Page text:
Mars, due to its weak atmosphere and proximity to the asteroid belt of our solar system, is far more vulnerable than Earth to colliding with space rocks – one of many differences between the two planetary neighbors.
With the help of NASA’s robotic InSight lander, scientists are now gaining a more complete understanding of this characteristic of Mars. Researchers reported Monday how InSight detected seismic and acoustic waves from four meteorite impacts and then calculated the location of the craters they left – the first such measurement anywhere other than Earth.
Researchers used observations from NASA’s Mars Reconnaissance Orbiter in space to confirm the crater locations.
“These seismic measurements give us an entirely new tool to probe Mars, or any other planet on which we can land a seismometer,” said Bruce Bannert, a planetary geophysicist at NASA’s Jet Propulsion Laboratory, principal investigator of the InSight mission. “
The space rocks tracked by InSight – one landing in 2020 and the other three in 2021 – were relatively modest in size, weighing up to about 440 pounds (200 kg), measuring up to about 20 inches (50 cm) in diameter and left went. The pit is about 24 feet (7.2 m) wide. They landed between 53 miles (85 km) and 180 miles (290 km) from InSight’s location. One exploded into at least three fragments, each of which dug its own pits.
Brown said, “We can link a known source type, location and size to a seismic signal. We can apply this information to better understand InSight’s full catalog of seismic events and on other planets and moons.” can also use the results.” University planetary scientist Ingrid Dabur, co-author of the study published in the journal Nature Geoscience https://www.nature.com/articles/s41561-022-01014-0.
The researchers believe that now that the seismic signature of such impacts has been discovered, they hope to be further contained in InSight’s data going back in 2018.
The three-legged InSight – its name is short for Interior Exploration Using Seismic Investigations, Geodesy and Heat Transport – landed in 2018 in a vast and relatively flat plain north of the Martian equator called Elysium Planitia.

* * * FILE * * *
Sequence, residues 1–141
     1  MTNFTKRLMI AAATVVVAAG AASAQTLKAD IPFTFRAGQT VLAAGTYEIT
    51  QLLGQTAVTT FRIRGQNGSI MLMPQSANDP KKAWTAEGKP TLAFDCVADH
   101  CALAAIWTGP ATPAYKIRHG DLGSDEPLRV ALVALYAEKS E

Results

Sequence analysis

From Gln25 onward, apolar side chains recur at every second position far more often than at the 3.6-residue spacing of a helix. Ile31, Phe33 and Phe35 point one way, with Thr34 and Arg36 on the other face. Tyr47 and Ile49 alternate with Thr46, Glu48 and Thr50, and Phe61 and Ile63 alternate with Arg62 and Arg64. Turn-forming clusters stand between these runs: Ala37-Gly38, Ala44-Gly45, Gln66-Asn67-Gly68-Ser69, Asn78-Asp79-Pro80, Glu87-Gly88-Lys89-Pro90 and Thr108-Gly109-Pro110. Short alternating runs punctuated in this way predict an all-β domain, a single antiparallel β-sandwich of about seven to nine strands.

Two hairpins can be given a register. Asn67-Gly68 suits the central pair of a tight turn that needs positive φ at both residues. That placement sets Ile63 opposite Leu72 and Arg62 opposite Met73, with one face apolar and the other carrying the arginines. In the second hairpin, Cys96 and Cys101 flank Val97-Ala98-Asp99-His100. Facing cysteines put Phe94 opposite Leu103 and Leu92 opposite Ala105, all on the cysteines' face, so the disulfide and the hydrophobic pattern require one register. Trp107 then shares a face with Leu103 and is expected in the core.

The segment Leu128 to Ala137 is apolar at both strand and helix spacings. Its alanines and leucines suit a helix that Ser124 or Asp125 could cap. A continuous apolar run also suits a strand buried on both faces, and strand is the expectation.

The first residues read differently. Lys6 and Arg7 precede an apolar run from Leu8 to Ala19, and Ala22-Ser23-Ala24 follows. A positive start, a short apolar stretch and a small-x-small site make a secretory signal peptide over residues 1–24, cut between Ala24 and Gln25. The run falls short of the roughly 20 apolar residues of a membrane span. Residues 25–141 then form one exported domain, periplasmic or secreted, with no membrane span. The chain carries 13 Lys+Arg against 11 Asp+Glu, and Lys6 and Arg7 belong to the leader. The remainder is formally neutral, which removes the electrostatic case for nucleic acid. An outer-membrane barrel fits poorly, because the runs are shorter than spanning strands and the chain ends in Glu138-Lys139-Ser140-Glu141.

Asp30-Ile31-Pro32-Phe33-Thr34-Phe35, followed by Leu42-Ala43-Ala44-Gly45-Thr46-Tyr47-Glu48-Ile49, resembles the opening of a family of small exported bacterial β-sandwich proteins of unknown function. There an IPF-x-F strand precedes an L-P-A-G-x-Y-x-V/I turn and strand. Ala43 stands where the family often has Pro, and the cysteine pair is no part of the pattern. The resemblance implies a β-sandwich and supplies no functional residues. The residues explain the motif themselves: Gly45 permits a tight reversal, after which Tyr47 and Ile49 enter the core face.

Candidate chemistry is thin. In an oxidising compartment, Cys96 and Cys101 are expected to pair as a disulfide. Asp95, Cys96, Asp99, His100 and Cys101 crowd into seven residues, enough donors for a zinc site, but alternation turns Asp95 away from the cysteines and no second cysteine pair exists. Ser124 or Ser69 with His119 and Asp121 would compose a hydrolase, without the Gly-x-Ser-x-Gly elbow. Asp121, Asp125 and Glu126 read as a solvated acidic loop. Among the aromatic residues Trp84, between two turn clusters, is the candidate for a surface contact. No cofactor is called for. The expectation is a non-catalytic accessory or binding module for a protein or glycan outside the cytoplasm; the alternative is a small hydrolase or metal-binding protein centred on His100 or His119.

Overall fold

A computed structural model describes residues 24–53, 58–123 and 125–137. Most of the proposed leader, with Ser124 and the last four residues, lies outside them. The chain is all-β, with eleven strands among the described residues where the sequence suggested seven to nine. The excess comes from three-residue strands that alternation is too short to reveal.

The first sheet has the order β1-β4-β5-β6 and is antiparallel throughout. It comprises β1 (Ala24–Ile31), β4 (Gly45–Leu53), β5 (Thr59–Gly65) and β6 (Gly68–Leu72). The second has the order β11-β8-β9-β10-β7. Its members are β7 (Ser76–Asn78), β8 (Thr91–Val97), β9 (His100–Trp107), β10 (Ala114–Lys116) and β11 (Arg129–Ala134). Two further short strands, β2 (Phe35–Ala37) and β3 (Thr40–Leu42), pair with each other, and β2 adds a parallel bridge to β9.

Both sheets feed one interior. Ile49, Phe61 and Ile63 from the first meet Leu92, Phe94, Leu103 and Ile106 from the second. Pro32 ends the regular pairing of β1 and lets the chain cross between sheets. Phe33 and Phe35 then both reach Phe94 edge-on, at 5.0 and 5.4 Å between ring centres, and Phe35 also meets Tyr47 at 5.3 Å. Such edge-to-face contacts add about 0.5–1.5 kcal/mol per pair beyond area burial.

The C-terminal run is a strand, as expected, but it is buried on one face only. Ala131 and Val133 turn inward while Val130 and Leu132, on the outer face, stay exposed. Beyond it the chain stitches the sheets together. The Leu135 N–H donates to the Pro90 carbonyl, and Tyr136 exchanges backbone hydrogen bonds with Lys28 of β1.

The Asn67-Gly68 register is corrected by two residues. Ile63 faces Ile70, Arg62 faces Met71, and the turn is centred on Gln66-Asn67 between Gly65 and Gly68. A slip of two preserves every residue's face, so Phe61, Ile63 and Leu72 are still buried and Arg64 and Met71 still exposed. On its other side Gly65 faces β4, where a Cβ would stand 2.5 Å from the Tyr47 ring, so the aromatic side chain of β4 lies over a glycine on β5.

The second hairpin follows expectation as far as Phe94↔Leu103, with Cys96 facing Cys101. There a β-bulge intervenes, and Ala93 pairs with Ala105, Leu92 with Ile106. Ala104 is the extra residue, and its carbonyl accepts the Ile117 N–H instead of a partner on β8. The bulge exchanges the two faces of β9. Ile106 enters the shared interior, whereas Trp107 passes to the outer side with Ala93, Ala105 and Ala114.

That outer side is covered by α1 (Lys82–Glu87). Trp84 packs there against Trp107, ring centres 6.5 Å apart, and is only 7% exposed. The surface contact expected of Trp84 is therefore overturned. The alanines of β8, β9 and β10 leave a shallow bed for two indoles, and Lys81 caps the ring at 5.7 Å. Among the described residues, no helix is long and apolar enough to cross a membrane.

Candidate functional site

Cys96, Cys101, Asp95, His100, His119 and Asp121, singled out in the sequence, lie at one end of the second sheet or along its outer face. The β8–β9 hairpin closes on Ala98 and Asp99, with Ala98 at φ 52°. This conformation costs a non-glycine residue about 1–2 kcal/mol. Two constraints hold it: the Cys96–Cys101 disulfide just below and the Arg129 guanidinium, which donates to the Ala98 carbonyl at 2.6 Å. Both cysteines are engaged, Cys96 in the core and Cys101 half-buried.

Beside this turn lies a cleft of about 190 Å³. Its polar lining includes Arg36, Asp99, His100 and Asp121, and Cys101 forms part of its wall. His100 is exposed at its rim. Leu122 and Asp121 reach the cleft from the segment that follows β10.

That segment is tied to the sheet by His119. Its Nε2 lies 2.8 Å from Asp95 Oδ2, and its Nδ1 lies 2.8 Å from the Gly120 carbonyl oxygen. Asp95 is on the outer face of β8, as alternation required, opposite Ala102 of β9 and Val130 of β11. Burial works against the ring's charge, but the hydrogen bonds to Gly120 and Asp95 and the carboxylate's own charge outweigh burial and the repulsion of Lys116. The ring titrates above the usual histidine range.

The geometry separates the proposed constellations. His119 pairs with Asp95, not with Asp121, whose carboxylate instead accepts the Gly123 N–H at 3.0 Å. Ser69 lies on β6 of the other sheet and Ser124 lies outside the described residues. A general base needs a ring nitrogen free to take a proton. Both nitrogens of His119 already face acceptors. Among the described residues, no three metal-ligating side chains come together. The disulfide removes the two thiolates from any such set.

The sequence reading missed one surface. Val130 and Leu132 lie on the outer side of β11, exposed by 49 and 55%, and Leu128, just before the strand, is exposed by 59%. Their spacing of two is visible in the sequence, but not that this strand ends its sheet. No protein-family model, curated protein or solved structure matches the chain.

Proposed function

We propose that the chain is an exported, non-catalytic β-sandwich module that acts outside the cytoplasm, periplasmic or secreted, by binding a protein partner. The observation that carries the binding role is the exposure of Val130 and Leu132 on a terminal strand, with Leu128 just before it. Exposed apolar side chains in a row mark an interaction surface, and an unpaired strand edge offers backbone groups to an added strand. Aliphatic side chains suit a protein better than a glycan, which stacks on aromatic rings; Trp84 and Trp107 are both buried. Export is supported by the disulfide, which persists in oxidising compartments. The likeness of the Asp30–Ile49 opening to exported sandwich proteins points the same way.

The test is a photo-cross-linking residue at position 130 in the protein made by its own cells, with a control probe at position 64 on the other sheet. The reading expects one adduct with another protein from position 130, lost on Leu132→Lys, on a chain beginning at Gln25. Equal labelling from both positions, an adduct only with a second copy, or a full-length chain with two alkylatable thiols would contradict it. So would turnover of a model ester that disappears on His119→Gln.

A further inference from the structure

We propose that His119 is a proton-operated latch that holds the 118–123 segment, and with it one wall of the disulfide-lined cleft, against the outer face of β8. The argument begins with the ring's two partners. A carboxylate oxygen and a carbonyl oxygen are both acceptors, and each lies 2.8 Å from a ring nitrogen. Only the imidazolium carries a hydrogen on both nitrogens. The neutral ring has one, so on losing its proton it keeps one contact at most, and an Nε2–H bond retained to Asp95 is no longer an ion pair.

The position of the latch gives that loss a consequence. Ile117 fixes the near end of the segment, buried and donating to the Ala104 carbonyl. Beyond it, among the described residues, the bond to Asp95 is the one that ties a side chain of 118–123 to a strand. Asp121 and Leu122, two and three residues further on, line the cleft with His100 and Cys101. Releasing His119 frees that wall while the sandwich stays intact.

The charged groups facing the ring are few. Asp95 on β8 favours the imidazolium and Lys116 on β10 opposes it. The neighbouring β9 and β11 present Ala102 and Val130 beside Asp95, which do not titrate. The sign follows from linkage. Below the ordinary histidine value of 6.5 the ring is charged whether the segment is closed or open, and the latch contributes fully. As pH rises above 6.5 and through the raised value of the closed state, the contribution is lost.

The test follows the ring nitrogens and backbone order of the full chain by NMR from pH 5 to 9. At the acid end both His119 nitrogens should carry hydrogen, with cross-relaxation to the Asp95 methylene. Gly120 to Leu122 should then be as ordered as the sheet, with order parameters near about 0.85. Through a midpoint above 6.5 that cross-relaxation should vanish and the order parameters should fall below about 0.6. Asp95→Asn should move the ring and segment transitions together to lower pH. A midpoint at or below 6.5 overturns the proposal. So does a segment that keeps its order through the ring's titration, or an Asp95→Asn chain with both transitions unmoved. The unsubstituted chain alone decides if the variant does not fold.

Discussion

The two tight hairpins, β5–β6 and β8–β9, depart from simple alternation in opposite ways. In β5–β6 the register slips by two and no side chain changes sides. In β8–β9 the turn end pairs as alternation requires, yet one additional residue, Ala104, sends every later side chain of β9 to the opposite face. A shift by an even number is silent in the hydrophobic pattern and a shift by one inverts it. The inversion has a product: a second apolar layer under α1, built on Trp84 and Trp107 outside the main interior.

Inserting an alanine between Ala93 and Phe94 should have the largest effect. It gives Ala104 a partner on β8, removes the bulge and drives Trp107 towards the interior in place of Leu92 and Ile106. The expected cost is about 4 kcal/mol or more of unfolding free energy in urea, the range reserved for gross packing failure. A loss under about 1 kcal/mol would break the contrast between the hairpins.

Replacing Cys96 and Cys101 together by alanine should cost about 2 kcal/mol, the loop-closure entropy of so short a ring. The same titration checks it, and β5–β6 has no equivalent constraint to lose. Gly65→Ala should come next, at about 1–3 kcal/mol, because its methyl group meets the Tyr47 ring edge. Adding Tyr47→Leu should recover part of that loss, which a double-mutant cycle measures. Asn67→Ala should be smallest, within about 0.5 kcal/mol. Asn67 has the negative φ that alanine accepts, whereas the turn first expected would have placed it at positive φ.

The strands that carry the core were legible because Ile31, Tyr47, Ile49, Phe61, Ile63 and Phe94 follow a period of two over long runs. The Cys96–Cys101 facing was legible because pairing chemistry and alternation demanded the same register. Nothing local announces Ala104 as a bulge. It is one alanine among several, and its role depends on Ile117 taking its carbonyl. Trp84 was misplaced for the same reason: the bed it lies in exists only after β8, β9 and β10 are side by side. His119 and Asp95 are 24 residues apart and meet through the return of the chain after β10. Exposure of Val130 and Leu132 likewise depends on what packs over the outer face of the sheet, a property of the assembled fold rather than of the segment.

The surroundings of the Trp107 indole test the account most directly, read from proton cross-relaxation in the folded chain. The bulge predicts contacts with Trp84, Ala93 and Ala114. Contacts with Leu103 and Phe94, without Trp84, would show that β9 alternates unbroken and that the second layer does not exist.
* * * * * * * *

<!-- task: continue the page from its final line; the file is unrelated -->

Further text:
“The Moon is also a target for future meteor impact detection,” said Rafael García, a planetary scientist at the ISAE-SUPAERO Institute of Aeronautics and Space at the University of Toulouse and lead author of the study.
“And it may be the same sensor that will do that, because InSight’s additional sensors are currently integrated into the Farside Seismic Suite instrument for flight to the Moon in 2025,” Garcia said, referring to an instrument to be placed near the Moon. The side of the lunar south pole is permanently facing away from the Earth.
Mars is almost twice as likely to hit Earth with a meteorite in its atmosphere—the name of a space rock—before hitting the surface. However, Earth’s atmosphere is much thicker that protects the planet.
“So meteorites usually break up and disintegrate in Earth’s atmosphere, creating fireballs that rarely reach the surface to form a crater. Compared to Mars, hundreds of impacts hit the planet’s surface each year.” Craters are forming,” Dabur said.
The atmosphere of Mars is only 1% thicker than that of Earth. The asteroid belt, an abundant source of space rocks, lies between Mars and Jupiter.
The scientific goals set for InSight prior to the mission were to investigate the internal structure and processes of Mars, as well as to study seismic activity and meteorite impacts.
InSight’s seismometer instrument established that Mars is seismically active, detecting more than 1,300 marsquakes. In research published last year, seismic waves detected by InSight helped to understand the internal structure of Mars, including the size of its large liquid metal core, the thickness of its crust and the first estimates of the nature of its mantle.
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